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More Essential Than Ever, Low-Wage Workers Demand More

For grocery delivery worker Willy Solis, the last straw came when the app Shipt changed his pay — in the middle of the coronavirus pandemic.

It wasn't the first time that Shipt, owned by Target, had tinkered with that formula. Solis had complained about smaller paychecks and lack of pay transparency. But now he and others like him were putting their health on the line to do their work. Solis decided he had to take action. From his home in Denton, Texas, he logged on to Facebook and started organizing a nationwide walkout.

"I have never done organizing in my life," says the soft-spoken Solis, whose brown eyes peer seriously over his face mask. "I see myself falling into this as a freak accident."

Part of that freak accident was the coronavirus pandemic, which in a matter of weeks has upended millions of lives as people hunker down at home. In this lockdown, low-wage workers have been publicly declared "essential" — up there with doctors and nurses.

But workers like Solis are discovering the value of that essential work doesn't seem to add up to much. They run cash registers, prepare food in fast food joints, haul goods at supermarkets, process packages at warehouses and deliver necessities to people's homes. Some are falling sick and even dying even though their work was never supposed to be about life and death.

"We are the same people that they didn't think we were worth $15 an hour, but now realize that we are worth way more than that," says Cynthia Murray, a long-time Walmart worker in Maryland. "I've been there 19 years and I don't even make $15 an hour. ... I have to work more than a week in order to get one hour of sick time."

And so, Solis's Shipt walkout in early April became one of many — a high-profile swell of protests by low-wage "essential" workers, from Shipt, Instacart and Uber to Amazon, Walmart, McDonald's and Whole Foods.

Until now, their labor battles largely played out on separate stages. But the coronavirus is shining a single, wide spotlight on all this low-paying work. And organizers are seizing this moment of leverage — the fleeting window when the world sees their so-called unskilled labor as hero work — to demand paid sick leave, better pay and benefits.

"The pandemic has definitely elevated our voices," Solis says.

"The most expensive hamburger you make in your life"

Workers had started with calling for basic protection against the virus: masks, gloves and disinfectant. But they are also united over workplace concerns that have gnawed at them since long before the pandemic. Most of them have unreliable income, unpredictable schedules, limited health care and benefits.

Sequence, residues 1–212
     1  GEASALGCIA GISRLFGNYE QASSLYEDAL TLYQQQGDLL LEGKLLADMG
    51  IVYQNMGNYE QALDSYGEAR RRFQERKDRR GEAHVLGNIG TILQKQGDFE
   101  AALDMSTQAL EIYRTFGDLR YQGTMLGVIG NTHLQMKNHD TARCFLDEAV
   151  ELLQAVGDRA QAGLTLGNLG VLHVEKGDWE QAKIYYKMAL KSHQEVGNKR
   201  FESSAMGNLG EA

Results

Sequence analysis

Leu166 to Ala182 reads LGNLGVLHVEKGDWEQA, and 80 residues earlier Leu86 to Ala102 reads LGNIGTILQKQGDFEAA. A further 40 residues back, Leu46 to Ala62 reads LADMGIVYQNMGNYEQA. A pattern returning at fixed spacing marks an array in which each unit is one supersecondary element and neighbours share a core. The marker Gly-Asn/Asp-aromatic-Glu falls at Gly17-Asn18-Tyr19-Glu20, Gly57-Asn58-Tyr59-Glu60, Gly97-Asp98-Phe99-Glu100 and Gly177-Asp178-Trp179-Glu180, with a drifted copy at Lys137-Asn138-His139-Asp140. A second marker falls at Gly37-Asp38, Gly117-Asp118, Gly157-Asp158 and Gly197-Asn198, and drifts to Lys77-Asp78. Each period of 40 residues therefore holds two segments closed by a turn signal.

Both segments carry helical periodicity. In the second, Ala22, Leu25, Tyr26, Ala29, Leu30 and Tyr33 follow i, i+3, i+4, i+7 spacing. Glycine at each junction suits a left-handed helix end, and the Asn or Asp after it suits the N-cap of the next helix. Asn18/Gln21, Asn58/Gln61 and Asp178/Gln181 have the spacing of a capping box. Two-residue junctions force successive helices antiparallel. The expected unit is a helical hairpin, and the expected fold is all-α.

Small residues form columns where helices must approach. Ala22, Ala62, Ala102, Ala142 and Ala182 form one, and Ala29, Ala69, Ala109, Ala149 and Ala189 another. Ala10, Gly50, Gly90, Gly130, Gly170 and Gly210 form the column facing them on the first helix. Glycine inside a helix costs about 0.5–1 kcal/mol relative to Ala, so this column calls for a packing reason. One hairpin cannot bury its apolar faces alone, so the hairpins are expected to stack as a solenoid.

Bartolomé Perez of Los Angeles has cooked at McDonald's for 30 years. He's been on many strikes before, but he says this time feels different, with workers getting sick and even dying.
/ Courtesy of the Fight for $15 and a Union
Courtesy of the Fight for $15 and a Union
Bartolomé Perez of Los Angeles has cooked at McDonald's for 30 years. He's been on many strikes before, but he says this time feels different, with workers getting sick and even dying.

"It's not like we're demanding something new — for years we've been demanding safety of working conditions," says Bartolomé Perez, who's worked as a cook at McDonald's for 30 years, speaking in Spanish.

He's been on many strikes before, but he says this time it feels different, with workers getting sick and even dying.

"But the circumstances are different now," Perez says. "Because you know that every time you go out it could be your last — or it could be the most expensive hamburger you make in your life."

An army of local groups, community organizers and large labor unions are recognizing the power of this moment. The Mobile Workers Alliance is working with the Service Employees International Union to organize Lyft and Uber drivers in Los Angeles.

SEIU, the United Food and Commercial Workers International Union and retail-focused United for Respect have been mobilizing grocery and fast-food workers. A new coalition called Athena has targeted Amazon with a staccato of strikes and press conferences featuring workers criticizing the company's safety measures and policies.